INSIGHT: US producers face an energy shotgun

15 November 2007 16:30  [Source: ICIS news]

US Congress set to hammer energyBy Joe Kamalick

 

WASHINGTON (ICIS news)--The chemicals sector and broad array of US manufacturing are facing double-barrelled federal legislative initiatives that could both increase demand for energy and limit its production.

 

One barrel of the shotgun is loaded with Democrat-sponsored energy bills now pending in Congress that would increase fees and taxes on domestic hydrocarbon production to fund expanded research and development of biofuels, energy efficiencies and conservation.

 

US chemical producers are largely dependent on natural gas as both a feedstock and energy source. Amid a four-fold increase in the North American price of natural gas since 2000, chemical firms and other US manufacturers have been pressing Congress to end a 26-year-old moratorium on offshore energy development.

 

Representative Roy Blunt (Republican-Missouri), the second-ranking Republican in the House, told a press meeting: “Part of the reason gas prices are higher is that every proposal the Democrats have put on the table reduces energy production and doesn’t increase energy production anywhere in the country. A lot of what happens in the energy market is what people think is going to happen, and there is no energy production in the Democrats’ energy bill.”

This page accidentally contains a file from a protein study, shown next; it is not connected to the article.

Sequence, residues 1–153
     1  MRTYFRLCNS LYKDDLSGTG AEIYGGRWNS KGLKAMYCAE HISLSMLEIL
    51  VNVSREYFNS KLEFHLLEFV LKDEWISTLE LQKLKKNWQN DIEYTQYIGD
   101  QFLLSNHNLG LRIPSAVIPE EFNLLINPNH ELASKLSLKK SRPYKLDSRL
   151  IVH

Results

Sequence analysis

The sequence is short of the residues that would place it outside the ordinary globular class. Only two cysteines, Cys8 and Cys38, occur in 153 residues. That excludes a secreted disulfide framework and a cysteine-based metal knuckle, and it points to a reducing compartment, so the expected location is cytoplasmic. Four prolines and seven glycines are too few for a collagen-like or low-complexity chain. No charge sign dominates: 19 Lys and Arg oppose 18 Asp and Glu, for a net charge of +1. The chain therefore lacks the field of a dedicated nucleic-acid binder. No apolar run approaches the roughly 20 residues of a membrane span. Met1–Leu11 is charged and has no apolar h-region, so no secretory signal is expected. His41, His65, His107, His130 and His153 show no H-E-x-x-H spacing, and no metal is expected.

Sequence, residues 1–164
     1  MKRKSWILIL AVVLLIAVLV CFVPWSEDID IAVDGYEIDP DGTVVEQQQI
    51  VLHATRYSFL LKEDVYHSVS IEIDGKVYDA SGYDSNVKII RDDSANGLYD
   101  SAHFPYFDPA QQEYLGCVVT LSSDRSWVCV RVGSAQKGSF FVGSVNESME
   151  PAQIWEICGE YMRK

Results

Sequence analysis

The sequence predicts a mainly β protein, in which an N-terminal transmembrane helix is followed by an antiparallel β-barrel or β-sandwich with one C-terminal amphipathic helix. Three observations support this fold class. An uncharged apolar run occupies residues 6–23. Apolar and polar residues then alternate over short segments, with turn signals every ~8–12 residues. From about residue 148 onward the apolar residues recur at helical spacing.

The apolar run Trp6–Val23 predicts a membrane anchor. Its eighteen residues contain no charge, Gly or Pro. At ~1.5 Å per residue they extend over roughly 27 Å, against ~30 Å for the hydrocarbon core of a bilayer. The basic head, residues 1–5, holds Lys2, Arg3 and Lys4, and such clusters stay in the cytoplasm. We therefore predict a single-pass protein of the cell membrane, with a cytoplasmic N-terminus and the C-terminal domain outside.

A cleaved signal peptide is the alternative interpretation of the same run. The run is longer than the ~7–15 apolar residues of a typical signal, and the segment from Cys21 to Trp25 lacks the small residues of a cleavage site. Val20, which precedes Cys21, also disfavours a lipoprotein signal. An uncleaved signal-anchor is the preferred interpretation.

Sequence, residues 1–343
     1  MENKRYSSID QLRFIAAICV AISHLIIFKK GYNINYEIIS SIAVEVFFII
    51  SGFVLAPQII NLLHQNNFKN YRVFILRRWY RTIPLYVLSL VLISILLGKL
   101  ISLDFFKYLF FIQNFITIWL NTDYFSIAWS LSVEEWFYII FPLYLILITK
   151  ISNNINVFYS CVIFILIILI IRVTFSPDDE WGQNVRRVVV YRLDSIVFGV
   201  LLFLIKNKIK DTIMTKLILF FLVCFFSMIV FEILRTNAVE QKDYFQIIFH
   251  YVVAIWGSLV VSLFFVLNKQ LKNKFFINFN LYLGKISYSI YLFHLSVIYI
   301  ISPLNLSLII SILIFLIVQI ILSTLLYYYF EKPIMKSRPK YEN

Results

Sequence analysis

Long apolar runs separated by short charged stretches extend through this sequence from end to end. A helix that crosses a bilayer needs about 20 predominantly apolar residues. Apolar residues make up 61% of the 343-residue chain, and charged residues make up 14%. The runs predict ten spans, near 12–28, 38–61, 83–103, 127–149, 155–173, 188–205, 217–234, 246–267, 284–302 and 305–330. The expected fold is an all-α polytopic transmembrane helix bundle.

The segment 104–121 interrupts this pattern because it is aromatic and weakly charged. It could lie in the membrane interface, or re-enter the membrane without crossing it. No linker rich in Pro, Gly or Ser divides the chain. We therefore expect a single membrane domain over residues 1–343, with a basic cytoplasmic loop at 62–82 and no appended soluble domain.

Joe Barton (Republican-Texas), ranking member on the House Energy and Commerce Committee, charged that Democrats blocked earlier efforts in Congress to open areas in Alaska and in US offshore regions to oil and gas production, adding: “If those areas were in production today, and the US were producing not eight million barrels a day but 12 or 13 million barrels a day, would the price of oil be $98 and would gasoline be over $5 a gallon?”

 

Oddly enough, leading congressional Democrats concede that their energy bills generally are not meant to increase energy production and that higher energy costs must be endured in order to curb global warming.

 

Representative Rick Boucher (Democrat-Virginia), chairman of the Energy and Air Quality Subcommittee in the House Energy and Commerce Committee, said this week that “The basic goal of the Democrats’ energy bill is not energy production.”

 

Boucher said that the Energy Policy Act of 2005 “was largely a production bill, and we believe the time now has come to focus on other aspects of the energy equation, including conservation and energy efficiencies - which should not be lightly dismissed.”

 

The Democrats’ pending energy bill - which is not likely to emerge from Congress before the end of this year and will be revisited in 2008 - is to Boucher the first of a two-step energy legislative process.

 

“The second step for us is cap and trade,” he said, referring to climate change legislation his committee is drafting and a similar bill pending in the US Senate.

 

Although a cap and trade bill ordinarily would not be classified as an energy measure, it nonetheless constitutes the second shotgun barrel now confronting the US manufacturing sector because almost any climate change law would significantly raise energy prices across the US economy.

 

Senator Jeff Bingaman (Democrat-New Mexico), chairman of the powerful Senate Energy and Natural Resources Committee, told a press conference that global warming “is an issue we need to confront and deal with”.

 

“I think we need to confront this issue of increasing greenhouse gas emissions, and I think cap and trade as a mechanism to do that is probably the most promising of the various options I’ve seen,” Bingaman said.